2

I installed a locally compiled version of OpenSSL and I forgot to skip the man pages. Now I can't access the man page for the OS's passwd(1).

  • OS: Raspberry's Debian Stretch (with GUI)
  • OpenSSL: 1.1.1g

Using apropos gave me a hint that there are also extensions to be browsed with -e flag (man man):

passwd(1)    - change user password
passwd(1ssl) - compute password hashes

However, none of the following worked for me

  • man passwd
  • man 1 passwd (from answer but still doesn't work)
  • man -s 1 passwd
  • man -s 1 -e '' passwd
  • man -s 1 -e posix passwd

It seems that man will default to the ssl extension, which makes me wonder... How can I look at the original passwd(1) man page?

Note: no uninstalling allowed.

  • 1
    What Operating System is it? – Stéphane Chazelas Aug 4 at 16:42
  • I am working on an R-Pi with Debian Buster – hanzo2001 Aug 4 at 18:46
  • Can you please share the output of man -f passwd (which should list passwd(1) and passwd(1ssl), as you already posted) and man -aw passwd? (Hoping your man version supports these options). I suspect you have two files named passwd.1.gz (actually, more than one passwd.1, with an optional extension) in distinct directories and that your question has been misread. – fra-san Aug 29 at 11:30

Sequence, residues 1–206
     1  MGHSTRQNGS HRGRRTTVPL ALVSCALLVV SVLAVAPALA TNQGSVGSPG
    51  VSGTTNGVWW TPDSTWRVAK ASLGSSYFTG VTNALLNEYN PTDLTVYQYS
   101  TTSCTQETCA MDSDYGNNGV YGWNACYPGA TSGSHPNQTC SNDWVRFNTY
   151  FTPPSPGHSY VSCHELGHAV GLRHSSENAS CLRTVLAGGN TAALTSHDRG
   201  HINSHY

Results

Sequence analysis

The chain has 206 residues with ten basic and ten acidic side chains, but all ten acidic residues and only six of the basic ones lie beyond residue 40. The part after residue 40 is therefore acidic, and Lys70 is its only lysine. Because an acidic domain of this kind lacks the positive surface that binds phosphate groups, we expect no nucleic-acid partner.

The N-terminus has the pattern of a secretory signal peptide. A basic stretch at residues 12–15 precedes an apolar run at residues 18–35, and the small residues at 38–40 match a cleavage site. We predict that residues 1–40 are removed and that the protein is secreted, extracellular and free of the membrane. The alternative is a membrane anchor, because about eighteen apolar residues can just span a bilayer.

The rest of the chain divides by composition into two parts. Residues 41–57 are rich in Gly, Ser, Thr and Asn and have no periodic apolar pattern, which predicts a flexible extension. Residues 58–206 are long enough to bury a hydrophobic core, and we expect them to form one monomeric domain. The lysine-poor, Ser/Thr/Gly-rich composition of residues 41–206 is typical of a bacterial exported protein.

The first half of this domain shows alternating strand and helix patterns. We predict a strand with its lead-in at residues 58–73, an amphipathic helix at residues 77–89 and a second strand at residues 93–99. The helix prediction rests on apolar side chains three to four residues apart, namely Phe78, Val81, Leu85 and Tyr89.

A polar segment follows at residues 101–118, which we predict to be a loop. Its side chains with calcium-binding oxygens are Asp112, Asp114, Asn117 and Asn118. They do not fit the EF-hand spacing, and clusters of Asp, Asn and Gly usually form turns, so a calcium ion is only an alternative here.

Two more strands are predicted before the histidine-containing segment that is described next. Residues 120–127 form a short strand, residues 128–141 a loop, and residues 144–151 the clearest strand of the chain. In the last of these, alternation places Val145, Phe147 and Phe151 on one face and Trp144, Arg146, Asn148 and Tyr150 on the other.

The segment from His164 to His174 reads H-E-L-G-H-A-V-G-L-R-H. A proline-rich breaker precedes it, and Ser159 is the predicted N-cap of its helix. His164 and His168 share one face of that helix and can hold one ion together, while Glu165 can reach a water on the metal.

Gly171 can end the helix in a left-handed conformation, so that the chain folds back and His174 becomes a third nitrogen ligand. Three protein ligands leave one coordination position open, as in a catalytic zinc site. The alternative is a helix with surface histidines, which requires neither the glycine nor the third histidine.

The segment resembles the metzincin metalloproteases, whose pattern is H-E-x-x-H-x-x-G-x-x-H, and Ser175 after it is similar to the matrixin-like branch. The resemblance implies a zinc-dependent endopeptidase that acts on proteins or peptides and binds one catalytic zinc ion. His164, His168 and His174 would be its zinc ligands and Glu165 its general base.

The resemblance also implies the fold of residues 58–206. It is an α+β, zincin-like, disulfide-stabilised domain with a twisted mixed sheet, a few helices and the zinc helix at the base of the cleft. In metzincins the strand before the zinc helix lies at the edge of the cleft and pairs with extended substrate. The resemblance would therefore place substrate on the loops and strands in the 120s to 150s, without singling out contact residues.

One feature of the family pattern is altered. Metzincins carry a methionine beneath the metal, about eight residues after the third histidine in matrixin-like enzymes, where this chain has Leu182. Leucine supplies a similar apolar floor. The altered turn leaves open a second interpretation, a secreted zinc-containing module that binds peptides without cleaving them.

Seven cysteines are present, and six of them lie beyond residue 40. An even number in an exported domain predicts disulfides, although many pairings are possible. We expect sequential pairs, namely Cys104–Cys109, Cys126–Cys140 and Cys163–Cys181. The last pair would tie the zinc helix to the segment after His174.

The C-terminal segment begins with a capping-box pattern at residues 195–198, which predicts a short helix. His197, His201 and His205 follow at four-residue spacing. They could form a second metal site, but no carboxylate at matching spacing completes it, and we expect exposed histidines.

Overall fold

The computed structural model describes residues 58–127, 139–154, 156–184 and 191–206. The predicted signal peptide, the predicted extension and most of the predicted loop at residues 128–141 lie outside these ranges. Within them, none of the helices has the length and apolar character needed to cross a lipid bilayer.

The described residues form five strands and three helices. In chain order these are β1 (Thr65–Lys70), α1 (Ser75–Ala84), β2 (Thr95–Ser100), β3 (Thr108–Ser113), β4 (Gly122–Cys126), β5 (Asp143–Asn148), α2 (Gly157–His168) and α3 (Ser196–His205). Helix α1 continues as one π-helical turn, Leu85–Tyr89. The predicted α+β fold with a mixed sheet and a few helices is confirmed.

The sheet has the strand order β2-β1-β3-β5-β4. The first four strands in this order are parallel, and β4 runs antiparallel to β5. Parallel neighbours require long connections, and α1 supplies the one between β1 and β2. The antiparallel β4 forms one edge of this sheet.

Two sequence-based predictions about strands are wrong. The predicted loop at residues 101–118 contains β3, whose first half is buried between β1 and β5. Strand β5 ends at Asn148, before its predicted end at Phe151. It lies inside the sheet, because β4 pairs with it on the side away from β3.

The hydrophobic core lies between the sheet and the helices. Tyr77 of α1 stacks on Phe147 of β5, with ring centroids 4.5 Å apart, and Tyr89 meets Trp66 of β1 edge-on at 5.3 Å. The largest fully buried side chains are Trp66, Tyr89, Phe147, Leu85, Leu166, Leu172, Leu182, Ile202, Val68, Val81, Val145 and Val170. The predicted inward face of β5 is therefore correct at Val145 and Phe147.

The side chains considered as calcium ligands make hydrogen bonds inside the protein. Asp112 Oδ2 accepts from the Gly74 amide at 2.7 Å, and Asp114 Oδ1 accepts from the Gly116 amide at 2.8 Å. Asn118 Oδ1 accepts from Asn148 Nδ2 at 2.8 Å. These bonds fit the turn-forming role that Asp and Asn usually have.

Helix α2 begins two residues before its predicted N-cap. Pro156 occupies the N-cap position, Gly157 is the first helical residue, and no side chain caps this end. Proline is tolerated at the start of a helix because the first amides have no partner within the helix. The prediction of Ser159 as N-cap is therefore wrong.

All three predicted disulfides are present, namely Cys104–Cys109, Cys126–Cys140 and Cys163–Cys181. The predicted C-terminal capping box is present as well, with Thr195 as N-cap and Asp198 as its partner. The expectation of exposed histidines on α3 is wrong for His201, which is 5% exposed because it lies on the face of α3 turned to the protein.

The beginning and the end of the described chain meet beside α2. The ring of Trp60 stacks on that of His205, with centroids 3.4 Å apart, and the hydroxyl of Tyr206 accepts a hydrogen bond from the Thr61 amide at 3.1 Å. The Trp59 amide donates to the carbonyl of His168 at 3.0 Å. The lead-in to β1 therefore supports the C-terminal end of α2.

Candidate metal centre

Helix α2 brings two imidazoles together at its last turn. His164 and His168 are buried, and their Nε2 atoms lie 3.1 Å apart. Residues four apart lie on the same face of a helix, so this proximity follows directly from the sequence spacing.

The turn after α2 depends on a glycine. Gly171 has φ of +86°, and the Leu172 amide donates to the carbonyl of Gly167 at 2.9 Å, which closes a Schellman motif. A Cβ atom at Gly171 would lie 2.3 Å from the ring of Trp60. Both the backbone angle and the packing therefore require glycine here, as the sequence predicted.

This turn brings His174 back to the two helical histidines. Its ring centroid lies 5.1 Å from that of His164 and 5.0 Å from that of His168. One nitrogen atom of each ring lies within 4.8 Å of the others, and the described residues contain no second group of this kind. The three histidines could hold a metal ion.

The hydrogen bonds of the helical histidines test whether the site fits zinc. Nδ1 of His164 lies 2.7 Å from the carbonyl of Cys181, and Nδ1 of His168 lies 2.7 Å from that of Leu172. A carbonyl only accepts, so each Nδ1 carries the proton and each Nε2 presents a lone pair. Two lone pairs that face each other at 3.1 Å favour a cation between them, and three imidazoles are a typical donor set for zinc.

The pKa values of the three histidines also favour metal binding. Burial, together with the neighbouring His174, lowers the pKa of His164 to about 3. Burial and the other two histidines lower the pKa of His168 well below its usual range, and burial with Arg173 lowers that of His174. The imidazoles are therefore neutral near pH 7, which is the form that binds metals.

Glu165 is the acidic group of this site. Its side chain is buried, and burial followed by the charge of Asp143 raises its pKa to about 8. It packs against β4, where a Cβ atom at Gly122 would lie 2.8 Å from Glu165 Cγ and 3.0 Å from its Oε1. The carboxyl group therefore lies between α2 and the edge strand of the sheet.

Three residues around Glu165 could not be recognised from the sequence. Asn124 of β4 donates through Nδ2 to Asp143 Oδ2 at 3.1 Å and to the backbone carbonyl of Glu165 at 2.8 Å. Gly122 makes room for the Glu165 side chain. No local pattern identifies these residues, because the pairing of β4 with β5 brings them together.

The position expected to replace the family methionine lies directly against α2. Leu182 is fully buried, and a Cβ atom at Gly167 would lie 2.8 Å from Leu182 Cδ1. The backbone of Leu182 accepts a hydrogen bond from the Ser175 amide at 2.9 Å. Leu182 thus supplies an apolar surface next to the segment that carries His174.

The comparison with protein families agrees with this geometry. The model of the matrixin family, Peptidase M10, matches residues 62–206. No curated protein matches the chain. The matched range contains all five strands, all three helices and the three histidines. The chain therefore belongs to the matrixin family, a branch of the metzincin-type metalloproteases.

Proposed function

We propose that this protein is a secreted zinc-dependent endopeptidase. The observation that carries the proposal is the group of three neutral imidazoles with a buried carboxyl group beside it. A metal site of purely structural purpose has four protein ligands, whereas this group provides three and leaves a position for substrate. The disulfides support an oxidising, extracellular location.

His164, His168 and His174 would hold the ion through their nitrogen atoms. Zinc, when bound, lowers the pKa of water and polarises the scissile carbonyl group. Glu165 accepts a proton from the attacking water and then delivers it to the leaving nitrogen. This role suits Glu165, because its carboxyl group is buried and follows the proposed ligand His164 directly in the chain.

5

You were close - don't use any flag, just man <section> command:

$ man 1 passwd
...
$ man 1ssl passwd
...

(I confirmed this on Ubuntu 20.04, which happens to default to section 1 when none specified.)

| improve this answer | |
  • I hopped into the terminal and tested it. It does not work. man 1 passwd still shows the entry for openssl-passwd – hanzo2001 Aug 4 at 18:47
  • That's weird; I've been using the man command in that way since 1995 on SunOS. Check man man - it should say something like man [section] command where section is optional. Do you have man aliased in some way? What does type -f man tell you? – Aaron D. Marasco Aug 4 at 19:43
  • man [man options] [[section] page ...] ... man7.org/linux/man-pages/man1/man.1.html – Aaron D. Marasco Aug 4 at 19:45
  • type -f man outputs man is /usr/bin/man – hanzo2001 Aug 6 at 7:43
1

I found a temporary solution with the -a flag and skip the OpenSSL page

| improve this answer | |
  • If anybody proposes something better, I'll mark it as the answer – hanzo2001 Aug 4 at 16:23

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